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The more Turkey changes the more it remains the same thing

Reader comment on item: Turkey, Closest to Leading the Middle East
in response to reader comment: Turkey changes

Submitted by Ianus (Poland), Jan 26, 2013 at 05:23

MikeKu ,

It's fine to meet someone who worked for the US government in Turkey. One is not so often privileged to see among us common mortals men in so high places doing their secretive business there and making and discussing polics and weather with Turkey's modern sultans and visirs and sharing with us the official Turkish version of reality.

Let me humbly say a few casual things about what you wrote.

The neoliberal turn in Turkey as everywhere else has produced the same nefarious effects. It radically redistributed wealth and income upwards - the rich became richer , the poor poorer and the army with its many monopolies and oligopolies, participation in fraudulent privatization schemes and other scams in the banking, industrial and real estate sectors has become the new principal crony capitalist and the guardian of Turkish neoliberalism - with all the wealth it has played into the army's hands - to a much greater extent than of Ataturk's dubious legacy.

> Erbakan, I recall built mosques instead of schools and was taken out. Erdogan was in jail for 3 years and should have been banned from politics thereafter precisely for the Islamism that Turkey is now undergoing.<

Erbakan could build mosques and widen Islamic curricula in schools because he had struck a big deal with Turkish militiarists during the undeclared civil war in Turkey in the 1970-ies. You may well remember that Kemal abolished Islamic indoctrination in schools. The unintended result of it was that the Turkish youth, dissatisfied with official lies, corruption and social injustice of Kemal's system ,embraced leftist ideas which led to conflict with the rightist militarists in power. Demands for more democracy and equality, students' riots, workers' strikes, anti-governmental demonstrations, propaganda and agitation, assassinations, arrests, provocations by the "Gladio" terror groups and others posed a real threat to public order and, more importantly, to the Turkish militarist -bureaucratic establishment. It seemed unable to cope with the mounting tide of protest with its usual means of police state inherited from Kemal. So the militarists made an agreement with the slumbering dark force of Islam. Islam was set free to get rid of communism and tame and enslave the minds of the youth – in brief the same tactic your government used in Afghanistan with remarkably similar effects. Erbakan could build mosques and teach Islam but finally he was forced to leave the political stage. But the dark force the militarists called in to eliminate their communist opponent refused to return to the cage. It demanded its permanent share of power.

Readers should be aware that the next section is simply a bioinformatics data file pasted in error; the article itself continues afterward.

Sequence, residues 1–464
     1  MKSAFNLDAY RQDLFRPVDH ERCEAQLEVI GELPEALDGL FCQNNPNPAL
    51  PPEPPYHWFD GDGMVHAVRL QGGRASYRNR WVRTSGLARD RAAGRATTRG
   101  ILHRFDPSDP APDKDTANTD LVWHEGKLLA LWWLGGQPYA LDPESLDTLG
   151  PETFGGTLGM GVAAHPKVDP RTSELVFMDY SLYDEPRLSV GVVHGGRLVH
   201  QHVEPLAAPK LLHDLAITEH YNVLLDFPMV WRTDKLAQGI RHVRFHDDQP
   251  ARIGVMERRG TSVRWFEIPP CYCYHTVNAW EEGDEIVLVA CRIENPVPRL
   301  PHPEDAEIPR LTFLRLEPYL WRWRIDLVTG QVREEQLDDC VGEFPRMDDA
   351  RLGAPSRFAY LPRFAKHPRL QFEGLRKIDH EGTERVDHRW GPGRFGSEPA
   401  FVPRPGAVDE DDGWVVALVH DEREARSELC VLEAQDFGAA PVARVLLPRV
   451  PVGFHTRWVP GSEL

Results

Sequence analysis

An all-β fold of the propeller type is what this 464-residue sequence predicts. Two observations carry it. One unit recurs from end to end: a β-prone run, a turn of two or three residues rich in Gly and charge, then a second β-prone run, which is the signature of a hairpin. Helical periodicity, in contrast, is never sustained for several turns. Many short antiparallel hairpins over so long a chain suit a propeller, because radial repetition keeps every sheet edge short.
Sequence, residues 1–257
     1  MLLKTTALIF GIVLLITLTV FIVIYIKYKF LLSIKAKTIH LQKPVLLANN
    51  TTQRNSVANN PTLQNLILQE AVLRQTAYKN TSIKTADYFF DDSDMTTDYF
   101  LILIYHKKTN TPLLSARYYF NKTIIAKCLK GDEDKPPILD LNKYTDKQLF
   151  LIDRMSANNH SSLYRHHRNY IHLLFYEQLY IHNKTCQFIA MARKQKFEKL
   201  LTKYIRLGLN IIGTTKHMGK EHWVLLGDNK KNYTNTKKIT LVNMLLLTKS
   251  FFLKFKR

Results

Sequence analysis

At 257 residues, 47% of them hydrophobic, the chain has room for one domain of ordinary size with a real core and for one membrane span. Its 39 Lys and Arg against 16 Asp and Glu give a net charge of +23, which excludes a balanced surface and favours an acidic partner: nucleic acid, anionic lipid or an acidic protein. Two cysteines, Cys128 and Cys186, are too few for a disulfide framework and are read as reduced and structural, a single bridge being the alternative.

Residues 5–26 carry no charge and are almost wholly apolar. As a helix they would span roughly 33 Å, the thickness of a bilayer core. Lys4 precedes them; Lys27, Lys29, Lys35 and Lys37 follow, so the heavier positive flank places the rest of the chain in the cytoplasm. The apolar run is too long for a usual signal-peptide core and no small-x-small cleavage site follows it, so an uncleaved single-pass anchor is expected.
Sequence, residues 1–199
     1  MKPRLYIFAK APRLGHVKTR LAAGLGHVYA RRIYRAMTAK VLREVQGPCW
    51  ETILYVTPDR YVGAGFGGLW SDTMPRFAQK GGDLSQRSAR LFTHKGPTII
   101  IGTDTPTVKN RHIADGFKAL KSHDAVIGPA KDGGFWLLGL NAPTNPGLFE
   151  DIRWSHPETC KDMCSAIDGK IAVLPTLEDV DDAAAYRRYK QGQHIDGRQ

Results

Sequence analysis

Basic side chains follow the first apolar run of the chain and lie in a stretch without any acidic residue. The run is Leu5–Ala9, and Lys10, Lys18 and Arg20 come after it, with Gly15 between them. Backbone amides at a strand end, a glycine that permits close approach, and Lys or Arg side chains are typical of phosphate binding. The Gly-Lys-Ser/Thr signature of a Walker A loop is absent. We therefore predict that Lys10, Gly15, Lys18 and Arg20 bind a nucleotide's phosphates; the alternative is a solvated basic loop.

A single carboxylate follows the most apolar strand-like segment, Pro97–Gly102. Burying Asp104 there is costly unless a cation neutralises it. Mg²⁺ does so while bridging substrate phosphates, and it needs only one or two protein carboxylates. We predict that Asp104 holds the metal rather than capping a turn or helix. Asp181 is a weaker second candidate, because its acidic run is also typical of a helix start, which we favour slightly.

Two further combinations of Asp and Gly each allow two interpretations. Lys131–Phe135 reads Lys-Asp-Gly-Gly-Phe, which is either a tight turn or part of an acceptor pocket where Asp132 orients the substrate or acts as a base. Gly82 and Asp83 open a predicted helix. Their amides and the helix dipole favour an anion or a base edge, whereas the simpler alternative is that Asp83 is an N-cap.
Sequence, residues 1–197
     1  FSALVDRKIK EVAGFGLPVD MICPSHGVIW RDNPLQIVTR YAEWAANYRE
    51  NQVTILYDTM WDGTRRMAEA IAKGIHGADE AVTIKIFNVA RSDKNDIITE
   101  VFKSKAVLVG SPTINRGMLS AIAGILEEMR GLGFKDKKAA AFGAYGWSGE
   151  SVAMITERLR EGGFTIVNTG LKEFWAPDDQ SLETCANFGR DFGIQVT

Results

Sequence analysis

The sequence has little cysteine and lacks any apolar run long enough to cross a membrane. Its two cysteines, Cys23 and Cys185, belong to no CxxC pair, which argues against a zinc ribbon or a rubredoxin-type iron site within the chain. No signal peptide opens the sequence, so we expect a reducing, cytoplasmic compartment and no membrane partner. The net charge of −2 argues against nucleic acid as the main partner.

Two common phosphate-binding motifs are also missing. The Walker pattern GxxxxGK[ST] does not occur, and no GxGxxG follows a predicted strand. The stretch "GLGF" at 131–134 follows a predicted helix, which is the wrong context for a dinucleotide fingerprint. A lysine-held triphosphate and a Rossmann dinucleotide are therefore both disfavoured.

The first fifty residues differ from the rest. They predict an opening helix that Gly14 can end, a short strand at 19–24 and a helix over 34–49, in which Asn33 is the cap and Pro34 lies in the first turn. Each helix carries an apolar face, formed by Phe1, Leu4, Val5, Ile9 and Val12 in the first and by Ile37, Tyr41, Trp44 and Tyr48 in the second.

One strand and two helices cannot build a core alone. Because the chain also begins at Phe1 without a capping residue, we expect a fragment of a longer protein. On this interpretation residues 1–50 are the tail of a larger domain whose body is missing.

I can hardly agree with your take on who is to blame for Islam's public reappearance in Turkey. In my opinion it's neither Erbakan nor Erdogan because if it weren't they, then somebody else would do the same. They are just superficial manifestations of a much graver and deeper problem that has hardly been addressed. What I mean is that during all the Kemalist era Islam has actually never disappered but it has merely gone undergournd , to the Catacombs waiting for the Kemalist tempest to subside. You may not have seen it in streets and public squares, but it has never left Turkish hearts and minds. Just like the shi'as' imam it was in occultation waiting for its hour to come back. What Kemalism did for Islam was making it more resistent, immune, hypocritical, secretive and cunning. It taught it a good survival lesson while the militarists in their scramble for wealth and offices which neoliberalism opened for them unlearned theirs.

> Attaturk took Turkey out of the Middle Ages and brought into the 20th century.<

If the 20th century may be defined as the age of genocides, then Kemal fully deserves this succinct description. Completing the Armenian genocide , exterminating c. 1 mln Greek Christians and 700 000 Assyrian Christians with cruelty unparalleled even in Ottoman history makes him one of the main heroes of the age of genocides –Hitler's favourite master. That your government has never recognized or is going to ever recognize any of his genocides doesn't make any difference here.

I bet this topic never popped up during your cozy talks with "Ciller, Erbakan, two of the Ozal brothers, others". Your government is careful enough to warn you against touching upon such subjects, isn't it? "Who remembers the Armenian genocide?" Hitler once asked. "Definitely not the US government!!!" I would answer.